**So, what is hygrometry?
**

Relative humidity **Φ (Phi)** is the ratio of the water vapor contained in a volume of air to the maximum water vapor that could be contained in this volume at the same pressure and temperature.

Since the pressure exerted by a gas is proportional to the number of atoms it contains

(1 mole of perfect gas occupies about 24 liters in ambient air), the relative humidity can be expressed as a ratio of the partial pressure of water vapor **Pvap** and the maximum pressure, called *vapor pressure* **Psat**.

The vapor pressure is a point of balance where there are always exchanges gas → liquid and liquid → gas, but they are equivalent.

When there is saturation, this ratio is obviously **1, or 100 %**

Our objective is to stabilize the partial pressure of vapor at **72 %** of the vapor pressure.

We will use an application of Raoult's law:

**“the partial vapor pressure of each component of an ideal mixture of liquids is equal to the vapor pressure of the pure component multiplied by its mole fraction in the mixture.” **** (7)**

**remark** : In thermodynamics, ideality is a trick to say that everything that forces us to solve second-order differential equations are petty things and of little value.

In order for the solution to be ideal, the solute must dissolve completely without radically modifying its properties, divide it into different components, and the molecular interactions of the solute and the solvent should be similar, at least at humanly bearable temperatures and pressures.

Raoult's law can be expressed by the formula **(8)**:

By applying the formula to glycerol, we obtain:

What ?!

A difference of **0.2% **between a curve made from three measures and a simplified formula?

This is totally unlikely, for several reasons:

**1. Ideality
**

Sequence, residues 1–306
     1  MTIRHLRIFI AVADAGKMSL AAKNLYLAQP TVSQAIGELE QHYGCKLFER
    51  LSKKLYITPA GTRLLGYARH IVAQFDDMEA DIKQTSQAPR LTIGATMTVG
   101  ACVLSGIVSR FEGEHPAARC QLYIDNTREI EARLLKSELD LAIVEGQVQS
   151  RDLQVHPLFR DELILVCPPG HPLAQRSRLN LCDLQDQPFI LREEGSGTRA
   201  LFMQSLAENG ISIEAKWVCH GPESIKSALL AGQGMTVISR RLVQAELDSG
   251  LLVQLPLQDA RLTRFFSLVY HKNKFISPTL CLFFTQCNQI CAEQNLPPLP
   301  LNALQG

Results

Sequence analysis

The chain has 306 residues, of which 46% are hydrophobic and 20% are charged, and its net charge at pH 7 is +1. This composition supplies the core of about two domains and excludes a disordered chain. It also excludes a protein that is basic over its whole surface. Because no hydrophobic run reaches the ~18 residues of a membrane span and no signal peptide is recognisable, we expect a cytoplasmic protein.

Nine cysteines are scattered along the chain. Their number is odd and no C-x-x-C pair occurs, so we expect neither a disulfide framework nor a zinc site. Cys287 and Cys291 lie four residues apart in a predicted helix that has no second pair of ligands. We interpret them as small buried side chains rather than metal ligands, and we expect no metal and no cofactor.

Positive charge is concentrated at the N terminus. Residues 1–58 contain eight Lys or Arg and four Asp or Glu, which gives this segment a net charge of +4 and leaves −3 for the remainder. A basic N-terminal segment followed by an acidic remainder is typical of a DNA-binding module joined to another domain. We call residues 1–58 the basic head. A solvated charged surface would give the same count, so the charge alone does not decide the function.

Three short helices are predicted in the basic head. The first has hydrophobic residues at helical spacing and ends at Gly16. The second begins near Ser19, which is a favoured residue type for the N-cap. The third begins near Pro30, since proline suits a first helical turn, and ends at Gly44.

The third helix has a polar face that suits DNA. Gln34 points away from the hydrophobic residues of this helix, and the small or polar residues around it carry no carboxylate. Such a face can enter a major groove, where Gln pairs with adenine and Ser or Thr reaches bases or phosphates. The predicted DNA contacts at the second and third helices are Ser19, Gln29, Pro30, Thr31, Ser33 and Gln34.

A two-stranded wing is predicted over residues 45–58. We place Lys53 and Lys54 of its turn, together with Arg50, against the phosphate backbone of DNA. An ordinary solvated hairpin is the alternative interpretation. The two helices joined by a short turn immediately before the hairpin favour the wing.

When we compare the characteristics of water and glycerol, it is difficult to imagine that they have the same behavior at the molecular level:

| H2O | Gly |

Density | 0,997 | 1,260 |

Molar mass | 18,01 | 92,09 |

viscosity | 0,001 | 1.49 |

fusion temperature | 0 °C | 18.2 °C |

Boiling temperature | 100 °C | 290 °C |

In addition, after having poured demineralized water into glycerin, spontaneous vortexes are created which suggest a change of enthalpy.

I haven't measured the temperature of the mixture, it is possible that it changes, as well as the volume.

In short, ideal solutions dont exist.

**2. The temperature
**

The humidity stabilized above a solution depends on the temperature, whereas there is no trace of it in the formula, even implicitly.

The fan trick to control the temperature worked quite well, but if I had done the measurements at 20 ° C for example, I would have gotten different results. (9)

And also I noticed that the measurements varied with the temperature of the room, which is a little surprising as the temperature inside the container is stable, but I think the temperature of the walls of the container has an impact on the condensation.

**3. Hygrometry
**

Hygrometers generally distinguish themselves by their remarkable imprecision.
The manufacturer announces an error of + - 3% (1) which is yet not too bad, because even with serious material, one can hardly hope better than + -1%.

On the other hand, if it is so difficult to measure, it probably doesn't have much effect on matter, otherwise it would be easy to measure.

**4. Mixture
**

I used a cheap scale to measure proportions, I don't know its margin of error

**5. Mr Braun & Mrs Braun (10)**

I compared the two curves with their measurements done in laboratory.

The green curve is them. By multiplying the measurements, I would probably have gotten such an irregular curve. We also note that 72% is practically the place where my curve crosses that of Raoult.
It's not that I'm not happy about it, but it's the pure fruit of chance.

Now we only have to measure the hygrometry contained in freshly unpacked cigarettes:

Well I think I'll use the same mixture...

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